Do you see writing as a career?
It's more of a passion for me. I've been writing my whole life (my office is littered with half-finished manuscripts from years past). It's a dream come true to finally be able to publish. I think every writer would love to be the next Stephenie Meyer, or Sarah Dessen, or James Patterson but let's face it - select few will achieve that kind of success. So, I'm happy to just keep writing and if I sell a few books here or there, that's good enough for me. So far, I think I've given away more of my books that I've sold!
Do you recall how your interest in writing originated?
Clearly. I had an honors English teacher in high school who took my love of reading and turned it into a love of writing. Each day in class, we began with him revealing a subject, and giving us 10 minutes to do nothing but write about that subject. It became my favorite part of the day - and to this day remains my favorite part of high school. So, thanks, Mr. Bickmore, for fanning the flames with your own passion for literature.
Do you have any advice for other writers?
First and foremost, learn your craft. Correct grammar and punctuation are everything. You might have a great idea, but if it's poorly written, no one will want to read it. Spell-check is great, but it isn't everything. Even in the simple things, like pitching your ideas or writing your blurb, you need to do correctly. Once you've mastered that, then don't let anyone tell you that you don't have the right to pursue your dream. Go for it with everything you have. There's no such thing as too old or too young to be an effective writer. If you have a passion for it, then follow it.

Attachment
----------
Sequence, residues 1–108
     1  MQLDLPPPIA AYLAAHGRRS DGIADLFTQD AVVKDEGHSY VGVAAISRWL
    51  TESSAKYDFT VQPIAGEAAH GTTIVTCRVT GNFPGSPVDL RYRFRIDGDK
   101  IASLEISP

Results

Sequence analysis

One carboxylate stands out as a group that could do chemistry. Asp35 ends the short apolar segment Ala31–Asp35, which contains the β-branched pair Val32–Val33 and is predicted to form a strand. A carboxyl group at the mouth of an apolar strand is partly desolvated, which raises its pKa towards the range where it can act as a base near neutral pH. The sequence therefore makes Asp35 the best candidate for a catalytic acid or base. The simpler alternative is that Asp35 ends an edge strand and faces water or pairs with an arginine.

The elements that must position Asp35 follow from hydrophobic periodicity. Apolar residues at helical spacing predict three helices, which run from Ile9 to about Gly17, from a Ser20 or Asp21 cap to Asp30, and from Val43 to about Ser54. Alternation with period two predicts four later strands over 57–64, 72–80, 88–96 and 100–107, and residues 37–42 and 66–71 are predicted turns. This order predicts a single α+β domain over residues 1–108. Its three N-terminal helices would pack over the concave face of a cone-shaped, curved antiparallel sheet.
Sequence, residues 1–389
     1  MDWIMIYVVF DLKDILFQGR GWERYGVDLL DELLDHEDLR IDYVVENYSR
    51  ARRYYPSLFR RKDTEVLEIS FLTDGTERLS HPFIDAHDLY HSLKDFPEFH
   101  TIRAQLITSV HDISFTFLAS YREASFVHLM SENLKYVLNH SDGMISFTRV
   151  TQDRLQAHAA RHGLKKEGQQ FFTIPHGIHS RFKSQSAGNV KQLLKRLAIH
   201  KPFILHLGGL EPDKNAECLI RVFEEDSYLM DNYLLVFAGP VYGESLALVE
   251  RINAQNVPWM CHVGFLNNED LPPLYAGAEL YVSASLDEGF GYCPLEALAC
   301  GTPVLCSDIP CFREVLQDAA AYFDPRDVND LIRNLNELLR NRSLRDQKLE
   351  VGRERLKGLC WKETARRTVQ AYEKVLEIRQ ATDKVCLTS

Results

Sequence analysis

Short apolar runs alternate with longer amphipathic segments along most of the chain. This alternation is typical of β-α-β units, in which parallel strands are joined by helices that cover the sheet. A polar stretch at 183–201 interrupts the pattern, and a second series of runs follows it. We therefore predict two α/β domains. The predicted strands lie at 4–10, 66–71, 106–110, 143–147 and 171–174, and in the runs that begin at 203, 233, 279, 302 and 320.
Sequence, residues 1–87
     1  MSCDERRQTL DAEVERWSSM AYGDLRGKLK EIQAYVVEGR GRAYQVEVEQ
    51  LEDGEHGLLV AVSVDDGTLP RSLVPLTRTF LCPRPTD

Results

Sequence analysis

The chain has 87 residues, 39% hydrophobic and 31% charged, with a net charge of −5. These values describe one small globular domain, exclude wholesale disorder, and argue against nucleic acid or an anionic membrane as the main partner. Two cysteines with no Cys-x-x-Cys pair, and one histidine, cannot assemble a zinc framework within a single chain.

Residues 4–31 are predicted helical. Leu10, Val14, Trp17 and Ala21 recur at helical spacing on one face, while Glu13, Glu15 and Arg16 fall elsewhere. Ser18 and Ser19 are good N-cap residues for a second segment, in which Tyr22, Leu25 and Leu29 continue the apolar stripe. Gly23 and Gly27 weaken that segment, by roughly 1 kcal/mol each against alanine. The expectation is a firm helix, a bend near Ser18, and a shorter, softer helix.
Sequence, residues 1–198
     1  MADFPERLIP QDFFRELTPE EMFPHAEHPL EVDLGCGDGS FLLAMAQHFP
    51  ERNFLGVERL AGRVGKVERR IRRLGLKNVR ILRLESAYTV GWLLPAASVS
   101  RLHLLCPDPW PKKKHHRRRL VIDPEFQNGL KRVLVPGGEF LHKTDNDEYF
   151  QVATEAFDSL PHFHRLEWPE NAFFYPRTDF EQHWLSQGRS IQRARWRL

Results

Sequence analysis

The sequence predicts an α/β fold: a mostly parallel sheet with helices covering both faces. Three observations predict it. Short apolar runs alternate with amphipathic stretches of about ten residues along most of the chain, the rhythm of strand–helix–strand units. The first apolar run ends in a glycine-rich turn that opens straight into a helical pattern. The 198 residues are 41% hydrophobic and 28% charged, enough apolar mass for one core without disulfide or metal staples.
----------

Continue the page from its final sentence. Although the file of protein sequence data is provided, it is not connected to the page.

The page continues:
How does your family feel about having a writer in the family? Do they read your books?
They've been surprisingly supportive. I didn't tell anyone what I was doing until Geek Girl was actually published, thinking they might think I was silly, I guess. Or more likely afraid they would mock this dream that was so precious to me. I couldn't have been more wrong. They are all really proud, and yes, they've all read it - even the ones who don't normally read. I completely underestimated the great family I am blessed with.
What did you do before you became a writer? Do you write full time?